Morrison opened Action Comics #1 showing us someone who could be a hero of the people. With the event series Flashpoint, Geoff Johns rebooted the whole DC Universe, and in this new universe, the first images we saw of our new Superman was of an idealistic young man in a blue t-shirt and red cape lifting a corrupt businessman named Glenmorgan over his head. He tells the officers on the scene that he’ll put him down, “… just as soon as he makes a full confession. To someone who still believes the law works the same for the rich and poor alike.” How exciting would it have been to see Superman as a social crusader after the past years where we had to deal with corruption and greed nearly destroying everything? Businessmen like the corrupt Glenmorgan are more scary than Lex Luthor and Brainiac could ever be.
A crusading avenger fighting for the people who couldn’t fight for themselves; that’s the journey that it looked like we would be taking with Morrison and Superman. The earthy and rugged artwork of Rags Morales seemed like the perfect fit as a counterbalance to the divinity-infused artwork of Frank Quitely. Drawing a boy that was barely a man, Morales’ Superman is full of a righteous anger that only truly idealistic young adults can pull off. Those opening pages of Action Comics #1 looked like a true new start for the DC universe as it may be giving us heroes that truly matched our times rather than the stuffy old heroes and villains that were still products of the Golden and Silver Ages.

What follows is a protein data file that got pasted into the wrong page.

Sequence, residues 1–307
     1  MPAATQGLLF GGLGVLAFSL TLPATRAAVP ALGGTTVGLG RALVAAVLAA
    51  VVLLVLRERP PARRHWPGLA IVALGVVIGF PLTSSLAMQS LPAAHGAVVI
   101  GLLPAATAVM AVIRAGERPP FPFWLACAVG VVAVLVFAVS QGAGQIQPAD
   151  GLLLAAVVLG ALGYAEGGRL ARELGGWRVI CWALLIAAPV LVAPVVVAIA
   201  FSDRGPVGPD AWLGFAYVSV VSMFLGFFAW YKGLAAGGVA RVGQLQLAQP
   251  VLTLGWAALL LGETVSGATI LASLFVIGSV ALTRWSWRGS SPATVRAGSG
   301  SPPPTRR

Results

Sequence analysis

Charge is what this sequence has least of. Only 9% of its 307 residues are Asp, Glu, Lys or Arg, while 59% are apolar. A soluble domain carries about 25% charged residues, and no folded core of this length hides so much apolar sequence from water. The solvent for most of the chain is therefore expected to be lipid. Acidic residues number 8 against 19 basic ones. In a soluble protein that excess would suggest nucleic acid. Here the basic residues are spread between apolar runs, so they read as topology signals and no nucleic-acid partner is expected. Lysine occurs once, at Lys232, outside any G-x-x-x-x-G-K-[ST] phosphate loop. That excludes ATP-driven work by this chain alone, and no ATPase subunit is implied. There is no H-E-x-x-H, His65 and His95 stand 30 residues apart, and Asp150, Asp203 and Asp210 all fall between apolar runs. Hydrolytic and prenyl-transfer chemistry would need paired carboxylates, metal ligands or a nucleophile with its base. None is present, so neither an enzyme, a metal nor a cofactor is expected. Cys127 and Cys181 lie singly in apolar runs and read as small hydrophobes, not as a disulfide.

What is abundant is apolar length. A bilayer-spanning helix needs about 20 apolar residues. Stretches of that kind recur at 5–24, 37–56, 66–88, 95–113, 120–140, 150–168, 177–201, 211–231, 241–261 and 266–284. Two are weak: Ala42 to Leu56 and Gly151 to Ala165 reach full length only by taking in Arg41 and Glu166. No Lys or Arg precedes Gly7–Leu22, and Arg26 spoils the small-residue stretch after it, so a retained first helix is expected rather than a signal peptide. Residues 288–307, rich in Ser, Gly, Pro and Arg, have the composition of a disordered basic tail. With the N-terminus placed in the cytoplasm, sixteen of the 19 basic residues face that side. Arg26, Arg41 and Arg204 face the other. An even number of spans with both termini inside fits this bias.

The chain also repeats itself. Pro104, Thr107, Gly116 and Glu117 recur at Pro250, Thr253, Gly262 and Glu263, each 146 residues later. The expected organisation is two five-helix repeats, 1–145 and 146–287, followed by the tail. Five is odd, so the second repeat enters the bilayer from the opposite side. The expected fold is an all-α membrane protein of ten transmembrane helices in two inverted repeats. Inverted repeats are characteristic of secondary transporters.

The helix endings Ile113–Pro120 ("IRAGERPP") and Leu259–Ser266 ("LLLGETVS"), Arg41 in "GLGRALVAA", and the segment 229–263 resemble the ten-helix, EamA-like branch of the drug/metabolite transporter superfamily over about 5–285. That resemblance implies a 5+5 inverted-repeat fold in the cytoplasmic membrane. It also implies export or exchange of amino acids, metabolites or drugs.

Morrison never successfully reimagines Superman for this new continuity. His All Star Superman was a celebration of everything fun about the character. With Frank Quitely’s grand artwork, All Star Superman was a lovely ode to those corny Silver Age stories that defined the character for decades. In Action Comics, Morrison tried to cherry pick what parts of the old continuity to keep and which to kick out. As Morrison attempts to carefully navigate the waters of this new continuity, he never manages to conjure the wonder that he could in Seven Soldiers, the many Batman series, or All Star Superman.
Grant Morrison’s Action Comics #1-18 was never going to be All Star Superman 2.0 no matter how much we wanted it to be. Even so, it’s still disappointing that it doesn’t even get to be JLA 2.0 as just a solid, crazy superhero story. For whatever reasons, Morrison reigns in his normal all-over-the-board narrative structure as his total story never delivers on the promise of those first few pages in Action Comics #1. For a brief moment, Superman was going to be fighting for us, for the little man in a world of millionaires and bureaucrats. He was going to fight for truth and justice but then he just ends up fighting his reimagined rogues gallery. The New 52 Action Comics wasn’t so much a new Superman as much as it was a newish take on an old, possibly worn out character who only has so much narrative potential and Morrison may have used up all of his own potential already with all of his other Superman stories.